Animated Movie of Ice

Jan 07, 2008

An animated movie shows an ordered structure dissolving little by little into a disordered mess after a light pulse: Swedish researchers from the University of Uppsala have used a computer to simulate ice melting after it is heated with a short light pulse.

As they report in the journal Angewandte Chemie, the absorbed energy first causes the OH bonds to oscillate. After a few picoseconds (10-12 s) the energy is converted into rotational and translational energy, which causes the crystal to melt, though crystalline domains remain visible for quite a while.

The common form of ice crystals is known as hexagonal ice. In this form the oxygen atoms of the water molecules are arranged in a tetrahedral lattice. Each water molecule is bound to four neighboring molecules by means of bridging hydrogen bonds, leading to an average of two bridges per molecule. In water, there are, on average, only 1.75 bridging hydrogen bonds per molecule.

What happens in the process of melting? Carl Caleman and David van der Spoel have now successfully used a computer to simulate “snapshots” of melting ice crystals. These molecular dynamics simulations are ideal for gaining a better understanding of processes like melting or freezing because they make it possible to simultaneously describe both the structure and the dynamics of a system with atomic resolution and with a time resolution in the femtosecond (10-15 s) range.

The simulation demonstrated that the energy of the laser pulse initially causes the OH bonds in the water molecules to vibrate. Immediately after the pulse, the vibrational energy reaches a maximum. After about a picosecond, most of the vibrational energy has been transformed into rotational energy.

The molecules begin to spin out of their positions within the crystal, breaking the bridging hydrogen bonds. After about 3 to 6 picoseconds, the rotations diminish in favor of translational motion. The molecules are now able to move freely and the crystal structure collapses. This process starts out locally, at individual locations within the crystal.

Once the symmetry of the structure is broken, the likelihood of melting processes occurring in the area immediately surrounding the crystal defect rises significantly. The melting process thus spreads out from this point little by little. At other locations the ice can maintain its crystalline structure a little longer.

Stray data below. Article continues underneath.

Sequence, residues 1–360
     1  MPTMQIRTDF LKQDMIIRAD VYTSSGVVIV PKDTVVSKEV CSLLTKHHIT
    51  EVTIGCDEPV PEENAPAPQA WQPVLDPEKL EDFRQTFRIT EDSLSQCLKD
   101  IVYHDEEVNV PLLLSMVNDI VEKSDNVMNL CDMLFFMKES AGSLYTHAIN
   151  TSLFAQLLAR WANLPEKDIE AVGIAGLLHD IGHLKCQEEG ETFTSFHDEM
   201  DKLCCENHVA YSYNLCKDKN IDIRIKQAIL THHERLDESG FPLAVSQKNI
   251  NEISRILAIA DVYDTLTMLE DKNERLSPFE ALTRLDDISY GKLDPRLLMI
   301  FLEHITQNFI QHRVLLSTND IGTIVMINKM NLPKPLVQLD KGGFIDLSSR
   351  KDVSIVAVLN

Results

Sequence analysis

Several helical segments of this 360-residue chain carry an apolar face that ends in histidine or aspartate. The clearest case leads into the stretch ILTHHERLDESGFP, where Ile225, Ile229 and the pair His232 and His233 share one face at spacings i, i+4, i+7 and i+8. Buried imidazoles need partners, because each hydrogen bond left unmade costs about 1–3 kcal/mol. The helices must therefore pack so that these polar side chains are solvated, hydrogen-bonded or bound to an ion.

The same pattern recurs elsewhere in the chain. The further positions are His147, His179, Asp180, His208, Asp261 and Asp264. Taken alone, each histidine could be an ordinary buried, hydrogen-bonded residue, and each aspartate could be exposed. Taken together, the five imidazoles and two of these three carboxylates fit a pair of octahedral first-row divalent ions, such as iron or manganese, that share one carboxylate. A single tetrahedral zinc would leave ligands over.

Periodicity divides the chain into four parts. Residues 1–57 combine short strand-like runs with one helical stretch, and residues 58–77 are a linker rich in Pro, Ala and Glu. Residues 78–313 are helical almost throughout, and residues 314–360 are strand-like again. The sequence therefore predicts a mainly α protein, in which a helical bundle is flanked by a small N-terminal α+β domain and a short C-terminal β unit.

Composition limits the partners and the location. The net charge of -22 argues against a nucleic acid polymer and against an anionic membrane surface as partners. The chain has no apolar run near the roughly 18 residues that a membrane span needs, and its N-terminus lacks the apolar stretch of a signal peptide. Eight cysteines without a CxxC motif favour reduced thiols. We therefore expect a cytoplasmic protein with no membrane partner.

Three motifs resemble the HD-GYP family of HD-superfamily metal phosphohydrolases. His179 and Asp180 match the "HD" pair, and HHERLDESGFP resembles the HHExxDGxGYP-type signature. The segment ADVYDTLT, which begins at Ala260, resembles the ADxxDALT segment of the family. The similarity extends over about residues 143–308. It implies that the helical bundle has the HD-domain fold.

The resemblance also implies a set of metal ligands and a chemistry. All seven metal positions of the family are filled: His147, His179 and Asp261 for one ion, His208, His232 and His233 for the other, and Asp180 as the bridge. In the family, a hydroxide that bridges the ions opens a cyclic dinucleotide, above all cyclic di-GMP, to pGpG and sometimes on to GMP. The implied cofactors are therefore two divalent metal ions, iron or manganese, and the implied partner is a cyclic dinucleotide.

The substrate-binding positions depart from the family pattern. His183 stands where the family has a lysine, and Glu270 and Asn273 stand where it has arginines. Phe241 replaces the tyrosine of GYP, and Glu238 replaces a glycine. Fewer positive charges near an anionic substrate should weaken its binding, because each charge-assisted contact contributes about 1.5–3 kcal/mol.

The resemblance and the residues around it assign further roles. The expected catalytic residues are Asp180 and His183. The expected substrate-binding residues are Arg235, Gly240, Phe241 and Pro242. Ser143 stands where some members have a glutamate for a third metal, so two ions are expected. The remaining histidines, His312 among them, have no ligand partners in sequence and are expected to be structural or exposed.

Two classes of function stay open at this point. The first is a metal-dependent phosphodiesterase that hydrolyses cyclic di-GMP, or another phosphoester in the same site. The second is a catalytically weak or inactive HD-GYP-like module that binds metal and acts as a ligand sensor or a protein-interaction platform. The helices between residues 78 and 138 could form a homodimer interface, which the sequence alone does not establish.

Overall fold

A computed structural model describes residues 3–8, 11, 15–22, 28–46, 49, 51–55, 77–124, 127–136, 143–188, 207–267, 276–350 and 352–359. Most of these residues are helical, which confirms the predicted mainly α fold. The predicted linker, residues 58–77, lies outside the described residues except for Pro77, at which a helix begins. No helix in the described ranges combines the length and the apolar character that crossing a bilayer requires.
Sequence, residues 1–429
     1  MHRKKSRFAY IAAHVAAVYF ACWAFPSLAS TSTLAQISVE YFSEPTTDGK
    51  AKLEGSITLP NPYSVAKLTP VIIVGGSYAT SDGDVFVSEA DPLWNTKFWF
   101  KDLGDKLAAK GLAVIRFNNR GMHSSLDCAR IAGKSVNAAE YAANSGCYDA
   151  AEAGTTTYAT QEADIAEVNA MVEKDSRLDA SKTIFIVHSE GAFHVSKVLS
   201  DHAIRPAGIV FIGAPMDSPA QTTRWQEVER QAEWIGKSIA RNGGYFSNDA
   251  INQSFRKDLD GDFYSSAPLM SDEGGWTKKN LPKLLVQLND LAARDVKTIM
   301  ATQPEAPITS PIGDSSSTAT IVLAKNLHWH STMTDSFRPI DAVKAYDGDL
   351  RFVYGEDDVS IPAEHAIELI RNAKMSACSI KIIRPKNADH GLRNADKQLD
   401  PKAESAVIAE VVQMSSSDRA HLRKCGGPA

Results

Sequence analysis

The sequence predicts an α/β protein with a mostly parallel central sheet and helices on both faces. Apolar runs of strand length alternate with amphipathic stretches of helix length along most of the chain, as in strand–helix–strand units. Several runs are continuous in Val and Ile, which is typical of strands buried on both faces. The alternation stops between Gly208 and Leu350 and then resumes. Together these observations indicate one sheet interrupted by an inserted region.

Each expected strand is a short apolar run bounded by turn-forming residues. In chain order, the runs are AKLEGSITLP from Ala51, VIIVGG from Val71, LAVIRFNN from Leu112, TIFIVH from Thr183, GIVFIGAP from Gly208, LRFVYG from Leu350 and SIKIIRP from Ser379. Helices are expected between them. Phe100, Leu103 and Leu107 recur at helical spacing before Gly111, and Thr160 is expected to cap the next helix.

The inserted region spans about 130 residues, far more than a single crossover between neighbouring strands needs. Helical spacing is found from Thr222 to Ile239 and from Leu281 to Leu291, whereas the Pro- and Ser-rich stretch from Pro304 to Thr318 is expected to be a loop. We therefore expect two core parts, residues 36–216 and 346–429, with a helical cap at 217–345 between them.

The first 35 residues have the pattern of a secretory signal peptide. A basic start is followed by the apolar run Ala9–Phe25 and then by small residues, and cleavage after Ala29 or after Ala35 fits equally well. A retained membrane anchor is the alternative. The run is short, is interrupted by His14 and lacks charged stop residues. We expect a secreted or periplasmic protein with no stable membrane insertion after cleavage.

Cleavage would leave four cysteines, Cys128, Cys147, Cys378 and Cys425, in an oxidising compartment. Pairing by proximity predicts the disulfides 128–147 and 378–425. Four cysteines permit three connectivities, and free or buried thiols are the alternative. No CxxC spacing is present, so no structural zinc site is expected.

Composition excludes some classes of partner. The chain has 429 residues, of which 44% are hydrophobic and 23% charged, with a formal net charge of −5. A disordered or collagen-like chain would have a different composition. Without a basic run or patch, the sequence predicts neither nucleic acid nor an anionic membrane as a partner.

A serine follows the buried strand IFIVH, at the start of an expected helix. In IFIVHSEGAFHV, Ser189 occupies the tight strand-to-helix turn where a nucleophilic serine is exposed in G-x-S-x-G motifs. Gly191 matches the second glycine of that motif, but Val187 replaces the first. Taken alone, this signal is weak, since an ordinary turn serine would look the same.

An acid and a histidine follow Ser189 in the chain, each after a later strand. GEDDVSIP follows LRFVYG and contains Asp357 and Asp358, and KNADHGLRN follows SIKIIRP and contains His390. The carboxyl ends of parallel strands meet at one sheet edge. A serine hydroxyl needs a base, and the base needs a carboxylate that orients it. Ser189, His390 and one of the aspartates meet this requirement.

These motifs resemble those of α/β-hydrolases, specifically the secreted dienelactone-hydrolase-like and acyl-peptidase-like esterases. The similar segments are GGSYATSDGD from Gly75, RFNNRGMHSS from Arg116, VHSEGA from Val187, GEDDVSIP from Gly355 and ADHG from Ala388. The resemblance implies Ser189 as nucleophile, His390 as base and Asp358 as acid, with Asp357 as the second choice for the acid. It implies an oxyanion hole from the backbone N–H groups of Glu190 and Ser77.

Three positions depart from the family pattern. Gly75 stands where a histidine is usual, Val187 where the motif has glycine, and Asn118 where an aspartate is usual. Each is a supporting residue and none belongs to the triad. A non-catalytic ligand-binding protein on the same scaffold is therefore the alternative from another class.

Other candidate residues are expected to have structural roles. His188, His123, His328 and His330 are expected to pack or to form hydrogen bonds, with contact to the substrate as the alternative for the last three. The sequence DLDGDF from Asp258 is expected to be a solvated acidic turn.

A movie is available online at xray.bmc.uu.se/molbiophys/images/Movies/melt.mpg

Citation: David van der Spoel, Picosecond Melting of Ice by an Infrared Laser Pulse: A Simulation Study, Angewandte Chemie International Edition, doi: 10.1002/anie.200703987

Source: Angewandte Chemie

Explore further: Space-tested fluid flow concept advances infectious disease diagnoses

add to favorites email to friend print save as pdf

Related Stories

Scientists see urgent need for reducing emissions

Apr 15, 2014

(Phys.org) —The bad news: a major transformation of our current energy supply system is needed in order to avoid a dangerous increase in global temperatures. The good news: the technologies needed to get ...

Sustainable ways to keep us flying

Apr 09, 2014

The global aviation industry continues to expand, with over 3 billion people expected to fly commercially in 2014, along with 38 million metric tons of cargo. This activity will have a huge impact on the ...

Quantum melting

Apr 07, 2014

When ice is warmed, the water molecules forming its structure vibrate more and more vigorously until finally the forces between them are no longer strong enough to hold them together – the ice melts and ...

River ice reveals new twist on Arctic melt

Apr 02, 2014

A new study led by Lance Lesack, a Simon Fraser University geographer and Faculty of Environment professor, has discovered unexpected climate-driven changes in the mighty Mackenzie River's ice breakup. This ...

Recommended for you

User comments : 0

More news stories

Airbnb rental site raises $450 mn

Online lodging listings website Airbnb inked a $450 million funding deal with investors led by TPG, a source close to the matter said Friday.

Health care site flagged in Heartbleed review

People with accounts on the enrollment website for President Barack Obama's signature health care law are being told to change their passwords following an administration-wide review of the government's vulnerability to the ...

Impact glass stores biodata for millions of years

(Phys.org) —Bits of plant life encapsulated in molten glass by asteroid and comet impacts millions of years ago give geologists information about climate and life forms on the ancient Earth. Scientists ...